|Zentangle supplies, and a library book on the subject.|
Last week I suffered from a bit of writing malaise. Resistance. Writer's block. A strong case of self doubt and insecurity. Or maybe it was good old fashioned laziness. Whatever the case, my writing went from slow and sporadic to non-existent by the end of last week.
But then on Friday I had the opportunity to teach some friends about Zentangle at our Body & Soul gathering. I may have mentioned this gathering in passing here before. It's a class, of sorts, which we rotate leading, that involves some form of movement followed by some form of meditation. It's one of my favorite parts of the week. My friend Cristina started it, and she blogs about it sometimes, including about last Friday's gathering (in a lovely post, which I highly recommend you click over to read), which happened to be our 2 year anniversary.
Anyway, Zentangle is a simple practice of making doodle-like marks on a square of art paper, without any plan or expectations. It's very meditative and focusing. You just make marks -- shapes, lines, dots, curves -- and discover it as it comes together. I introduced the group to it on Friday, and we zentangled together. It was quite lovely.
My favorite quote from her blog post about the experience is this one:
I think both the zentangles and our weekly sitting are pointing at something about creativity. Both practices suggest that holding a specific kind of space (a simple paper square, or an hour in the week) and showing up with open willingness results in something.This so perfectly applies to writing, and I so needed the reminder. I need to be disciplined about creating space -- a regular time in my day -- and just show up with an open willingness. Writing is bound to occur.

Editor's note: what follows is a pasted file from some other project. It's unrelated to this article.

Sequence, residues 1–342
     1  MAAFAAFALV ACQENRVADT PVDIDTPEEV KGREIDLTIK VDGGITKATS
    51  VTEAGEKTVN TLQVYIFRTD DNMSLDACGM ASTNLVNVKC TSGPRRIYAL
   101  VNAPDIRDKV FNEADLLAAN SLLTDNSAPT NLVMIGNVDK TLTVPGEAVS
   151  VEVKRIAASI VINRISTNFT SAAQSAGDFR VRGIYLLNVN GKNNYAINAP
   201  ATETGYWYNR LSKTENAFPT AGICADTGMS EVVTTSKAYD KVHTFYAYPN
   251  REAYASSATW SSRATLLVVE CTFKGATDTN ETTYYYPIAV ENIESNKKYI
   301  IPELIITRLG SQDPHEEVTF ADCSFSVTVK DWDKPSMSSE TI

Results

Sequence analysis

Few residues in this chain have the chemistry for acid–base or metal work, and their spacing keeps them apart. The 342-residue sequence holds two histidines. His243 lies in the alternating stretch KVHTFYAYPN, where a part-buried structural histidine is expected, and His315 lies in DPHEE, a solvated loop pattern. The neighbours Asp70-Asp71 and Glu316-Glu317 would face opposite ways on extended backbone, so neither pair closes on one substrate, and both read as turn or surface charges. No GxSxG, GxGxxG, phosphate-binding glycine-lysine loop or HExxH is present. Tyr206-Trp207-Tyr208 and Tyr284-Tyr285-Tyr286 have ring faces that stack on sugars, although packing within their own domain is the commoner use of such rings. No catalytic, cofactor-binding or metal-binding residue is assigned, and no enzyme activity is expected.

On Sunday, I was chatting with this same friend about our goals for the week. I was fretting about whether I'd succeed at overcoming resistance and get some writing done. She advised, "do it zentangle-style." Yes, that's it.
And so, on Monday morning, I sat down with my work, and started making marks. I added few sentences here, then a few more there. Scrolling down, I noticed a spot that needed some revision, so I reworked a few things. Then I poked through my outline and added some specificity in my plan for an upcoming scene that I haven't written yet. Then I went back in and added a bit more description in a scene that seemed a little too dry. And then I put my writing away and moved on to other parts of my day. But I felt peaceful and satisfied. I'd entered my story world and stayed there for a bit. I made progress. Not much, but I moved things forward. If I were to do this every single day, it would result in something. As it says in the tagline on the official Zentangle blog, "Anything is possible, one stroke at a time." One stroke of the keyboard, in my case.
And so I used the same approach on Tuesday. No expectations, no pressure on myself. I just went into my story, poked around, and did a few things that needed doing. I did it again on Wednesday.
Here we are at Thursday, and I'm still going. Well, actually, I'm writing this blog post instead this morning, so I think I'll end it here and go visit my story world. To start making marks. Zentangle style.